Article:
N.Y. Court Rules In Favor of Hospital in Life-Sustaining Care Case

A decision was rendered Thursday in Thomas et al v. Mohawk Valley Health System et al. In this action in the United States District Court for the Northern District of New York, the plaintiffs, health care proxies for a patient who had suffered a stroke, sought a temporary restraining order seeking to compel the defendants Mohawk Valley Health System (Mohawk) to continue to provide nutrition, hydration, and other life support measures. The court ruled against the TRO, stating both that the plaintiffs had not shown that the issue met an exception in the Rooker-Feldman doctrine and also that the plaintiffs were not likely to succeed on the merits of the case.

Prior to the patient’s stroke, an advanced directive was signed indicating that the patient wished to receive “all possible life-sustaining care” but also “acknowledged that “death need not be resisted by any and every means and that she had the right to refuse medical treatment that is excessively burdensome or would only prolong [her] death and delay [her] being taken to God.” Within these contrary statements, there was no express statement of what was preferred to occur in the event of brain death. After the patient’s stroke, the hospital conducted examinations and concluded that the patient was brain dead and incapable of breathing on her own.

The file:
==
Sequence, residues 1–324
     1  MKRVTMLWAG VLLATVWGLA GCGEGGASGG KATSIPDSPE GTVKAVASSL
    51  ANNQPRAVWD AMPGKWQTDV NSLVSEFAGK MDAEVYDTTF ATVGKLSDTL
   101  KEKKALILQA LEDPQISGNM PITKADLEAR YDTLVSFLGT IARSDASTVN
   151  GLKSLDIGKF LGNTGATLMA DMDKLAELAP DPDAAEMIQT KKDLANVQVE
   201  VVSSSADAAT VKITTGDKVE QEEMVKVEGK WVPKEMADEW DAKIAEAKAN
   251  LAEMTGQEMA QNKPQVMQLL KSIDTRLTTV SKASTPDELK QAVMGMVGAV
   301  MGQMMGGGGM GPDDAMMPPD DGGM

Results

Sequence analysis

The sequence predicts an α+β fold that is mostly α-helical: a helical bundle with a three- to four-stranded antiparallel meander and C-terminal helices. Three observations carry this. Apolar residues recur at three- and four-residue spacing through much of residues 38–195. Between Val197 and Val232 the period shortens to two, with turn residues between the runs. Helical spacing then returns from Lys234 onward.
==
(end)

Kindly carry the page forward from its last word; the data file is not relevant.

The hospital then filed an Order to Show Cause in the state court to permit the cessation of treatment and care under “NYS Guidelines”. After a hearing, in which the treating doctors testified as to the patient’s condition, the state court reviewed the advance directive and concluded under the language that no absolute determination could be made as to the patient’s intent in the event of brain death. The plaintiffs then appealed to the federal court for the TRO.

Under Rooker-Feldman, “lower federal courts lack “subject matter jurisdiction ‘over cases that effectively seek review of judgments of state courts.” The court held that a review of the certificate of death that has been issued for the patient describing her as brain dead would be a direct re-litigation of the issue presented before the state court and would be directly barred from review. The court also held that there was little likelihood of the plaintiffs prevailing under a future action or in future circumstances, which is a determinative factor in the review for a TRO.

Plaintiffs were represented by Office of Gina M. Antonelli and Dague & Martin. The defendants were represented by Hancock Estabrook.